Above is the Wisla River in Plock (pwutsk), Poland, the town where my grandmother Mollie was born. At the bottom of the blog is a map of Poland.


Shabbat, May 14, from Warsaw to Bialystok, the 25th day of the Omer

Saturday, May 14, the 25th day of the Omer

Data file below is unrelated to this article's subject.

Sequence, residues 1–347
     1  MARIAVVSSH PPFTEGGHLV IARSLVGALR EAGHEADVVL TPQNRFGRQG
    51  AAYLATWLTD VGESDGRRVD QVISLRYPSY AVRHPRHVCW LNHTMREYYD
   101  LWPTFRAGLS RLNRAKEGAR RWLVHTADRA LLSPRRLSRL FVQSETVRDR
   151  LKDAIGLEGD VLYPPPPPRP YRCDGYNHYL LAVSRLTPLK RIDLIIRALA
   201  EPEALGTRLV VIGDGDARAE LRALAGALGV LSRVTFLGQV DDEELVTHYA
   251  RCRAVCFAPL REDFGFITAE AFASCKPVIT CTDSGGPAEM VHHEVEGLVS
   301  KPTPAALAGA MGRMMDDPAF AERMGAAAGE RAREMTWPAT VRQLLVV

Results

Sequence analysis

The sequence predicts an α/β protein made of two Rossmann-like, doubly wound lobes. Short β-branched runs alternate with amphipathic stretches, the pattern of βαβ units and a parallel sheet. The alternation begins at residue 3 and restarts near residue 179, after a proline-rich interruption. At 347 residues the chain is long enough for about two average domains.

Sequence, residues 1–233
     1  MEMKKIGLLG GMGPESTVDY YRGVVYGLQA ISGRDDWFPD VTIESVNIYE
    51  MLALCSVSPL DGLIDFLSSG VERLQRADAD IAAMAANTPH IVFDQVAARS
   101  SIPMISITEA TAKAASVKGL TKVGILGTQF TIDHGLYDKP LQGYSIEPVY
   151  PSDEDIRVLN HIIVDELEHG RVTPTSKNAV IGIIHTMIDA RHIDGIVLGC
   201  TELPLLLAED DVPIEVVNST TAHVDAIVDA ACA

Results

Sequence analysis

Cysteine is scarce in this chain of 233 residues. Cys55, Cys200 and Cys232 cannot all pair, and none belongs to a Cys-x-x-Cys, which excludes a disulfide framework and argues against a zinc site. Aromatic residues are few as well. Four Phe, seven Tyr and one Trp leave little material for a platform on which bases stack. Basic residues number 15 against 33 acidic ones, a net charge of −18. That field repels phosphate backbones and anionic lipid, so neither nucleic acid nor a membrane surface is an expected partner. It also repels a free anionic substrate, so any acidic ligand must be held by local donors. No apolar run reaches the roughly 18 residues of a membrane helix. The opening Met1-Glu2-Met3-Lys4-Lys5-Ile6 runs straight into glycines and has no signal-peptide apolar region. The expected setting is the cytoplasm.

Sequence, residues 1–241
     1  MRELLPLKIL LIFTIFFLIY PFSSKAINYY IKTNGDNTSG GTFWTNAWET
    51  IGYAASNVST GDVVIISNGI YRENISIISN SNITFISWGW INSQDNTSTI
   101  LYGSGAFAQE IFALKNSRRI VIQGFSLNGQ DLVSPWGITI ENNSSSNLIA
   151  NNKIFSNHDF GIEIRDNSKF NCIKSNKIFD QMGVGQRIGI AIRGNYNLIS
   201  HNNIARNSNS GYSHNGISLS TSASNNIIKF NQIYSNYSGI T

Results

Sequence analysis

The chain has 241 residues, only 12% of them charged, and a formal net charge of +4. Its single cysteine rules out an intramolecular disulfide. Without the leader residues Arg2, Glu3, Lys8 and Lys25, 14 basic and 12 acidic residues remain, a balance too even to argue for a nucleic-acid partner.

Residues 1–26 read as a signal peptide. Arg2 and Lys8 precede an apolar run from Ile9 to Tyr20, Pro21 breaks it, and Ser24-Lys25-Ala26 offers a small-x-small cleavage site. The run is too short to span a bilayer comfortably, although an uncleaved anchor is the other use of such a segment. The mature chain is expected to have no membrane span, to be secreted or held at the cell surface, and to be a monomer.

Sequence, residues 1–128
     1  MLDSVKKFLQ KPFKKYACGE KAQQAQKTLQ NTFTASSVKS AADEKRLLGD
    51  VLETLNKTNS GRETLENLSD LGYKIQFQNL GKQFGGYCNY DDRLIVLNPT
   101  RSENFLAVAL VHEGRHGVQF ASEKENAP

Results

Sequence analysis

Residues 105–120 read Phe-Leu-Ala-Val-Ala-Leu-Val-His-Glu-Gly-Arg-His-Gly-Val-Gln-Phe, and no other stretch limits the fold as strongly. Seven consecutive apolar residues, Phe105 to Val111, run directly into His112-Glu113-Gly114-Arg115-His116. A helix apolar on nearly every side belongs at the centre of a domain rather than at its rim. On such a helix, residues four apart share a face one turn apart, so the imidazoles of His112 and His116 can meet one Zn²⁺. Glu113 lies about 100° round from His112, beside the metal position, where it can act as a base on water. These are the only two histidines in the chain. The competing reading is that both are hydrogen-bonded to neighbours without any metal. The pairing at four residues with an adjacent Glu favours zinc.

I had told Lucyna that I would travel on Shabbat if it would include going to a synagogue. So that is why on Saturday morning, Rachel and I met Francesca, another conference participant, at the central train station in Warsaw to take the train to Marikinia. Lucyna would meet us there with her car and drive us to Treblinka and then go on to Tykocin, a town with a beautiful reconstructed synagogue, and from there we’d go to Bialystok, stay overnight, and then go to the Bialowiecza forest the next day. I found a 50 zloty note at the ticket counter, and Rachel announced that we’d use it for charity during the day. We bought some buns and fruit at the station, and Rachel purchased a challah for us – there it was, braided egg bread (in Polish it is chalka), and it tasted just like the ones at home! Shortly after establishing ourselves in the first class room in the last car, a man walked in and put two pens on the seat with a printed note and quickly walked away. The note explained that our purchase of these pens would help the deaf people selling these pens achieve self respect. Wow, I thought, I’m not at CSUN anymore! Yes, we bought the pens.